Expanding fitness wearables in Africa, Garmin launches a watch line in Ghana with MTN
6 January 2017
In addition to MTN’s latest smartphone options, fitness conscious Ghanaians can now purchase a Garmin watch and receive a free three-month 900MB data bundle. The entry level price is around $148 for a vivoFit 3.
The Ghana move is part of a push to tap the potential of Africa’s expanding fitness market, according to Walter Mech, Garmin MD for Sub-Saharan Africa. “We’ve had a strong presence with our GPS tools products…but less emphasis on our health and wellness lines, so we started to look around for new countries and distribution models,” he said.
The fit with MTN comes in part through its African distribution network.
“There are limited options for formal retail channels…besides the large telcos,” said Mech. MTN is also interested in harnessing interactive health and athletics platforms in Africa. “Looking at our line they understood…there is both the wellness and the sport element, which captures a wider range for customer activity,” Mech said.
He noted MTN will adopt leaderboards for Ghanaian users to rank and compare themselves with others across fitness activities.
Garmin has an official office in South Africa and a presence in 25 additional African countries through distribution deals. When it comes to wearables, South Africa is Garmin’s largest African market followed by Kenya and Tanzania, according to Mech.
Though reliable projections on the potential of Africa’s tech wearables market are hard to find, Garmin follows a rough formulation for countries based on mobile networks. “We look at the number of subscribers in a country and take 1 percent of that as the top-end, smartphone subscribers and size of the wearables market we think we could penetrate,” he said. For South Africa, Mech estimates that segment amounts to roughly 6 million people.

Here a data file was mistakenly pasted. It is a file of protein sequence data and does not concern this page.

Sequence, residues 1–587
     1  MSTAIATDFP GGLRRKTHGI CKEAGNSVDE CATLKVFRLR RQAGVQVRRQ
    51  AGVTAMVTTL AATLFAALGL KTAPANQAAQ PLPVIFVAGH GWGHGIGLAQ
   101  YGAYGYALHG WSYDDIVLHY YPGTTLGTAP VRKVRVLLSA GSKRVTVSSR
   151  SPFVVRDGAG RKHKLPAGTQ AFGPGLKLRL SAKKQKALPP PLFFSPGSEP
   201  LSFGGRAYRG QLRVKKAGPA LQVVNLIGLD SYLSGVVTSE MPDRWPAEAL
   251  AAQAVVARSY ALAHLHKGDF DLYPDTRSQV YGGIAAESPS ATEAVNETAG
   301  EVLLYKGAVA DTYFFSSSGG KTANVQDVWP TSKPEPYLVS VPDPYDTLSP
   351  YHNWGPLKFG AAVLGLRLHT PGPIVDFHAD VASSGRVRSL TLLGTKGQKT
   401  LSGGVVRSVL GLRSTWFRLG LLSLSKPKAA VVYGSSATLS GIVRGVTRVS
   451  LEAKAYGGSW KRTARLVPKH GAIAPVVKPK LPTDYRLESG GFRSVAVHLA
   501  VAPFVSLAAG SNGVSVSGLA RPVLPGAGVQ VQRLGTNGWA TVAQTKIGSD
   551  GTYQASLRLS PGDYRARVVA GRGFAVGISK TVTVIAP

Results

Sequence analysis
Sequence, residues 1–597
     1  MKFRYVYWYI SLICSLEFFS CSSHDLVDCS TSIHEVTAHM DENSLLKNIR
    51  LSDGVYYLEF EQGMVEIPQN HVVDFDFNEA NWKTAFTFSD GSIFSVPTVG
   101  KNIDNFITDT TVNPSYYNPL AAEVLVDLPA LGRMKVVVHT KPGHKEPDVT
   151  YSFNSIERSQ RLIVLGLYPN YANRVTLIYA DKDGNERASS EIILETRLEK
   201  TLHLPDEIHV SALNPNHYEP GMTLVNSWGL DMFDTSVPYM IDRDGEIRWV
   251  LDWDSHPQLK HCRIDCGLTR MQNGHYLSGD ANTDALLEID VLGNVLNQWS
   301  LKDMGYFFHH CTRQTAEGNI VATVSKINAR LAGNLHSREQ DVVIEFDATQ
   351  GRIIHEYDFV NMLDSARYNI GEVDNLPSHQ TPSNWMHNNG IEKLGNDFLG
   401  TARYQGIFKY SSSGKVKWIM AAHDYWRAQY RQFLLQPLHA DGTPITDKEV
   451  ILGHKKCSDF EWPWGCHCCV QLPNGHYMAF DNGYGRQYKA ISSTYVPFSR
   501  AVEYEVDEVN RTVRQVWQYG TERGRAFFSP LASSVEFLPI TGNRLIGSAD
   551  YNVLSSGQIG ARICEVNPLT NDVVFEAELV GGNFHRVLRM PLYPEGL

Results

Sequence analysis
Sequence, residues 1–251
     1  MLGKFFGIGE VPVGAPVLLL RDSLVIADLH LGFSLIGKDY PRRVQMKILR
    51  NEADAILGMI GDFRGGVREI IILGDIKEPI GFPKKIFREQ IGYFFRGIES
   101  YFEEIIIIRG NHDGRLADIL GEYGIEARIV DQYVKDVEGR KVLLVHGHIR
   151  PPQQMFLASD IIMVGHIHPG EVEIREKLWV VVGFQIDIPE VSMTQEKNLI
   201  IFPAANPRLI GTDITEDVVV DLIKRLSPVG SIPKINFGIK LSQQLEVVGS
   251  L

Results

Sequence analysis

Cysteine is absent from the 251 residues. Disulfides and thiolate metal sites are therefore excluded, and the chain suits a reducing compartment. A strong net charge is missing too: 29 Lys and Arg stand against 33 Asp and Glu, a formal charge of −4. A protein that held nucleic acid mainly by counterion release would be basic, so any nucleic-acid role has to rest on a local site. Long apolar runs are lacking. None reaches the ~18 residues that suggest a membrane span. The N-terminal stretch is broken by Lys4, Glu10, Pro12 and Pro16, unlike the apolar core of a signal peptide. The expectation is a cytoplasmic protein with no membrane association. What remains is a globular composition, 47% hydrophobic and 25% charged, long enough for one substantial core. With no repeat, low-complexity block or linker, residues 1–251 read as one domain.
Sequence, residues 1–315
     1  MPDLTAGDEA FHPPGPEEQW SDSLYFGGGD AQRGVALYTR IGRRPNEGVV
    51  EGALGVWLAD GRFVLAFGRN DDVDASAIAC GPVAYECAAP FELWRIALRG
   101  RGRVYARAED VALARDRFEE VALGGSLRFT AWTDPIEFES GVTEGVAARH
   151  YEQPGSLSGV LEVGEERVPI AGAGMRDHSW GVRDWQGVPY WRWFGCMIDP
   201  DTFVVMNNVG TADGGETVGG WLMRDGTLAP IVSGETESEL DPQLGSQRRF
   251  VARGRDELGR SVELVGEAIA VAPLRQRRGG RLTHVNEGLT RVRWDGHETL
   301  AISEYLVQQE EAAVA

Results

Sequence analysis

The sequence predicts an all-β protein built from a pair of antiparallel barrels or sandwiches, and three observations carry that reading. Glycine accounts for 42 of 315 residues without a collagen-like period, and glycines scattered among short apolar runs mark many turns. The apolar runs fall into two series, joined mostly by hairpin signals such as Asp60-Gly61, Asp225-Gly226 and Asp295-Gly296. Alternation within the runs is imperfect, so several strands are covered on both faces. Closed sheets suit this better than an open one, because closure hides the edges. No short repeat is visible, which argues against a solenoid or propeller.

Mech believes Garmin can succeed in Africa on tech wearables based on demographic trends and an early commitment to the market. “Many of the other brands don’t see the notion that Africa is going to have a much more health conscious population, younger population, and mobile tech gadget oriented population,” he said. “We’ve also seen an emergence of gyms, sports clubs, cycling and running clubs for both men and women.”
This aligns with Africa’s expanding consumer power, another indicator for the potential of tech wearables. Individual spending on the continent topped $1.4 trillion in 2015 and is expected to reach $2 trillion annually by 2025, according to McKinsey’s Global Institute.
For 2017, in addition to Ghana, Garmin expects to pursue significant growth in fitness wearables sales in Kenya. The company will also push into Nigeria, Africa’s most populous nation (182 million) and largest economy, drawing lessons from its recent MTN partnership. “We’re learning from this first pilot implementation. The more time we spend on Ghana and see what works and what doesn’t, it becomes easier for us to adopt with telcos in other countries.”
Garmin will also consider more fitness and sports-related sponsorships in Ghana and other African countries to market its wearables. The company sponsored the Nairobi international marathon in October 2016.